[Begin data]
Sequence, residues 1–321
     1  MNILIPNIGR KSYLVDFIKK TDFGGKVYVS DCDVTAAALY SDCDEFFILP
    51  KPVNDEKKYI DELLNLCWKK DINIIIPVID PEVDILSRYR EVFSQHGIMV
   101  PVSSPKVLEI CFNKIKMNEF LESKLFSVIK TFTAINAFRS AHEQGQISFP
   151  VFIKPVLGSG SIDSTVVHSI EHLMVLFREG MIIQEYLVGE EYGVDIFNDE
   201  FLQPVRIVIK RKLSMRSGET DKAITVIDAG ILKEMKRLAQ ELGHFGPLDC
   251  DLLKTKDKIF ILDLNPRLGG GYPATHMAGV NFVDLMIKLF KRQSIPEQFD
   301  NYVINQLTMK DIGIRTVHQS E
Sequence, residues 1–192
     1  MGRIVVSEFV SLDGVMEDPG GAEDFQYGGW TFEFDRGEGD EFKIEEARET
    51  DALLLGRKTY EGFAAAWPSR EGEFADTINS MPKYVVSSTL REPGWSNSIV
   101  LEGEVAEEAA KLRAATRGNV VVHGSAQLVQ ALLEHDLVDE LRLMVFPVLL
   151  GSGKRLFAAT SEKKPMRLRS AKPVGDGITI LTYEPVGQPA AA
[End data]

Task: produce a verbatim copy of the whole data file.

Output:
Sequence, residues 1–321
     1  MNILIPNIGR KSYLVDFIKK TDFGGKVYVS DCDVTAAALY SDCDEFFILP
    51  KPVNDEKKYI DELLNLCWKK DINIIIPVID PEVDILSRYR EVFSQHGIMV
   101  PVSSPKVLEI CFNKIKMNEF LESKLFSVIK TFTAINAFRS AHEQGQISFP
   151  VFIKPVLGSG SIDSTVVHSI EHLMVLFREG MIIQEYLVGE EYGVDIFNDE
   201  FLQPVRIVIK RKLSMRSGET DKAITVIDAG ILKEMKRLAQ ELGHFGPLDC
   251  DLLKTKDKIF ILDLNPRLGG GYPATHMAGV NFVDLMIKLF KRQSIPEQFD
   301  NYVINQLTMK DIGIRTVHQS E
Sequence, residues 1–192
     1  MGRIVVSEFV SLDGVMEDPG GAEDFQYGGW TFEFDRGEGD EFKIEEARET
    51  DALLLGRKTY EGFAAAWPSR EGEFADTINS MPKYVVSSTL REPGWSNSIV
   101  LEGEVAEEAA KLRAATRGNV VVHGSAQLVQ ALLEHDLVDE LRLMVFPVLL
   151  GSGKRLFAAT SEKKPMRLRS AKPVGDGITI LTYEPVGQPA AA